A different approach for the service industry

By on December 7, 2011

The service sector has been mounting radically for more than fifty years, to the extent that in the developed world, more people make their living from producing services than making manufactured goods. In fact around three-quarters of the population in the US and the EU are employed in service industries. Services therefore have a key impact on national economies. The subject of Services Marketing has grown in response to this. Of late however, manufacturing and technology industries have also identified the need to provide services not only as a means of adding worth to the physical products which they market but also as the basis for a different orientation to the management of their businesses.

Difference between Products and Services

Three major types of attributes are helpful in understanding the difference between products and services.

Search attributes: aspects which can be assessed prior to purchase or consumption.

Experience attributes: aspects that can only be assessed after consumption.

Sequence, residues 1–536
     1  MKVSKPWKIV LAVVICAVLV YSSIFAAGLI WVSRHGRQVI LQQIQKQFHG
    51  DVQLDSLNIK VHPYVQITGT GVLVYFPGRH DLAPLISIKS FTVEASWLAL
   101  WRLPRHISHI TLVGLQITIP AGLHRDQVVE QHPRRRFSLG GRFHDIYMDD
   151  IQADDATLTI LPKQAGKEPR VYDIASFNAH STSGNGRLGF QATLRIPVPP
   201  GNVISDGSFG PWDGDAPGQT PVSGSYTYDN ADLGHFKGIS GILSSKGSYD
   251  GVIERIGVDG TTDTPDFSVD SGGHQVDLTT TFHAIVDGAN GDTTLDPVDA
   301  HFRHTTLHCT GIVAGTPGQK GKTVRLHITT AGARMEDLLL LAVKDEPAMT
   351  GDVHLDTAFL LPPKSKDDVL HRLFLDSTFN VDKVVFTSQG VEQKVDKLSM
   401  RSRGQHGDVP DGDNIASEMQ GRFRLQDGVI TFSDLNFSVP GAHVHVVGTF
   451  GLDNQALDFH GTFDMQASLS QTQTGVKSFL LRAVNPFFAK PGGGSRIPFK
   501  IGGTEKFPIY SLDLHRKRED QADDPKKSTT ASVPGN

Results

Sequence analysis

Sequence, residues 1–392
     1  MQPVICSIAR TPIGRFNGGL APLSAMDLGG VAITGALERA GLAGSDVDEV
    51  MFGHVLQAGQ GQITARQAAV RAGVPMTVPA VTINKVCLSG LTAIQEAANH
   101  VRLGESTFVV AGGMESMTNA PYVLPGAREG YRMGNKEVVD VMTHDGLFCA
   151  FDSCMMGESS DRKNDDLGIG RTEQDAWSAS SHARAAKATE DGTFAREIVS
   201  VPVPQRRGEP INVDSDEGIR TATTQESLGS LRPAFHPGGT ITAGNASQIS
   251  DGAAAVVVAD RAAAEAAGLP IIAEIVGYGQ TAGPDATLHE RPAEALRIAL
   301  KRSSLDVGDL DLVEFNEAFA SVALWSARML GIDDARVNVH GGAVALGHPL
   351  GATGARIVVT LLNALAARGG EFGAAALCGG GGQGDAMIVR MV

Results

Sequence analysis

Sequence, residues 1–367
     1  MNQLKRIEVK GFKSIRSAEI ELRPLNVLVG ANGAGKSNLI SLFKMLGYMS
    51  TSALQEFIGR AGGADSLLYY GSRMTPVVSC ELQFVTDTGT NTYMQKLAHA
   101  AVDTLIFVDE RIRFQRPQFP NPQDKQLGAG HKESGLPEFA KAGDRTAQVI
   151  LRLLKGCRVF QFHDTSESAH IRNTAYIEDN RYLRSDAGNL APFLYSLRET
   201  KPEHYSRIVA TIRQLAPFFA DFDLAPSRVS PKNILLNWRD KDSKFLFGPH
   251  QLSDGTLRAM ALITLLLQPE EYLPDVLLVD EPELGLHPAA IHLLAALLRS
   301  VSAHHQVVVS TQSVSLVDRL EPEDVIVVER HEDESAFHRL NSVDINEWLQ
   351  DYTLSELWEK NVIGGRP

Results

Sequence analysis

Credence attributes: consumers lack the information necessary to make evaluations even after consumption.


Characteristics of Services

  • Intangibility
  • Inseparability of production and consumption
  • Heterogeneity (or variability

Services should be Tangibilized. Why?

Services are intangible by nature. You can’t see, touch, smell, or taste them before you buy them. This intangibility often makes services difficult to depict in clear and meaningful ways. Many companies’ inability to depict their services tangibly leads to the following symptoms and conditions:

  • Difficult to conceptualize
  • Difficult to evaluate
  • Uncertainty and perceived risk
  • Difficult to promote the offering
  • Difficult to control service quality
  • Difficult to set prices